White House aide reveals Donald Trump’s character, or lack thereof

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I’m having a certain amount of difficulty ranking the latest revealed antics of the former president that (Hopalong riding onto the scene to help save the Republic?) Cassidy mentioned at the House committee’s recent January 6 hearing.

Was it when he wanted to remove the metal detectors at the Ellipse because so many people were being turned away for carrying guns, that the then-president thought it made the crowd look smaller?

Or, was it attacking the Secret Service agent — after the president’s speech at the Ellipse when he wanted to go directly to the Capitol and the agent, probably fearing for the president’s safety among the insurrectionists already attacking the Capitol, said he was going to return directly to the White House?

Or, was it the president throwing a plateful of food at a wall in the White House in a fit of pique, breaking it and getting food on the wall? This is important because the dishware belongs not to the president, but to the White House and therefore the American people. One can only hope that at the least the January 6 committee will bill the former president for the plate. We’ll just presume that cleaning up the walls is part of the staff’s duties.

(Trump’s assertion that Mike Pence should be hanged because he insisted on following the Constitution is so egregious and typical of the former president that it doesn’t deserve to be in the ranking.)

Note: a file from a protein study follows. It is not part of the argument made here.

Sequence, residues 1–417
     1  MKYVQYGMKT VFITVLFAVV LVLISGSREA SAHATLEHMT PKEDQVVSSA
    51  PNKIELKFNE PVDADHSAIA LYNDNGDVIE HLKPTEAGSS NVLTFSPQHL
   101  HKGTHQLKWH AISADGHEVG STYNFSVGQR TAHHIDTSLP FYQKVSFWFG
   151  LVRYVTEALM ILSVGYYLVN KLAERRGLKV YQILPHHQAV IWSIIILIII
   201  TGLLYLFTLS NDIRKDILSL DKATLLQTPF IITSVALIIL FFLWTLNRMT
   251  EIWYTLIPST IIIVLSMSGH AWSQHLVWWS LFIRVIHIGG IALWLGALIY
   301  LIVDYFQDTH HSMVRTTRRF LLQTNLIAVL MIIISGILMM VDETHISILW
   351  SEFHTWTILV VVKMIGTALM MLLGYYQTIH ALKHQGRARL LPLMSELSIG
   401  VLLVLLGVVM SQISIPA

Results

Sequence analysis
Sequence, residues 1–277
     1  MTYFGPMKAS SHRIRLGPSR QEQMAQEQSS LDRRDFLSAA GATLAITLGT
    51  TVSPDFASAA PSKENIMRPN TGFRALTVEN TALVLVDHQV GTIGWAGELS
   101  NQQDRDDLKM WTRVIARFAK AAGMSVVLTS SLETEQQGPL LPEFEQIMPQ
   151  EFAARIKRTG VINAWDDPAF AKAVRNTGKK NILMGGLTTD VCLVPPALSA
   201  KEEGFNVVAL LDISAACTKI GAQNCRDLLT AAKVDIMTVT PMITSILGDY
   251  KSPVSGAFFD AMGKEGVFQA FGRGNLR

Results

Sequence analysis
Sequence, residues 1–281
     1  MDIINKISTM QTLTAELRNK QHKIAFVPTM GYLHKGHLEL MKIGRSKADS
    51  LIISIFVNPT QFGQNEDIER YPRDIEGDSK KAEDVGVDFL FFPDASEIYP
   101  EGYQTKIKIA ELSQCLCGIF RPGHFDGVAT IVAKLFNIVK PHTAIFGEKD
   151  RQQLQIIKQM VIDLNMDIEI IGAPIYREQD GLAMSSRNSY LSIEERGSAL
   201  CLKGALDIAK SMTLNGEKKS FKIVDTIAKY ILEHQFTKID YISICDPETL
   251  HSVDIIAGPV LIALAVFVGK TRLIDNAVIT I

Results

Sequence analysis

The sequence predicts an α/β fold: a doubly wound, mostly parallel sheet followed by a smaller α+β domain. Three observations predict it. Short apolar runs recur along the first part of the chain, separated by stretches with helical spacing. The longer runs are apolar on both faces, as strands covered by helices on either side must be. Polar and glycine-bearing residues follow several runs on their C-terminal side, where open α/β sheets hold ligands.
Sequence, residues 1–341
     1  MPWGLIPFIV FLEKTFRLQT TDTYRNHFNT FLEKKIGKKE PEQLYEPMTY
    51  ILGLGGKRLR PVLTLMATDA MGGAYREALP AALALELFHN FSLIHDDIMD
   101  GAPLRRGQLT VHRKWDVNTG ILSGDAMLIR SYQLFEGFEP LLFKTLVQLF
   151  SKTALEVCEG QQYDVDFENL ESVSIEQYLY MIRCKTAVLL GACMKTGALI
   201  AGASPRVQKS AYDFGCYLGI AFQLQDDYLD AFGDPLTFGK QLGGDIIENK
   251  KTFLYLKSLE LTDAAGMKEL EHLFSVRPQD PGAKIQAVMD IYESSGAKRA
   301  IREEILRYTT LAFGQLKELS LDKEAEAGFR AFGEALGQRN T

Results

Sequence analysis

The former president certainly fills two definitions of “character”: he acts like a child who is a character but personally lacks character.

Here are a few appropriate quotations by people wiser than former President Trump. They appear chronologically.

“Three things cannot be long hidden: the sun, the moon, and the truth.” (Buddha)

“When the debate is lost, slander becomes the tool of the losers.” (Socrates, for Trump calling it lies and fake news)

“We the people are the rightful masters of both Congress and the courts, not to overthrow the Constitution but to overwhelm the men who would pervert the Constitution.” (Abraham Lincoln, the first Republican president)

“America will never be destroyed from the outside. If we falter and lose our freedoms it will be because we destroyed ourselves.” (Lincoln)

“Patriotism means to stand by the country. It does not mean to stand by the president or any other public official ... It is patriotic to support him insofar as he efficiently serves the country. It is unpatriotic not to oppose him to the exact extent that by inefficiency or otherwise he fails in his duty to stand by the country.” (Theodore Roosevelt, another great Republican president)

“The question in every case is whether the words used are used in such circumstances and are of such a nature as to create a clear and present danger that they will bring about the substantive evils that Congress has a right to prevent.” (Justice Oliver Wendell Holmes)

“The only thing that really matters in public life is character.” (Jennifer Rubin, columnist, The Washington Post)

What a truly pathetic person, and to think he was president for four years. Just look to the Supreme Court to see how he has succeeded in making American citizens less safe, and for women, less free.

Sam Oppenheim taught history at California State University, Stanislaus in Turlock from 1971 to 2005. He now lives in Massachusetts and remains a loyal reader of The Modesto Bee e-edition.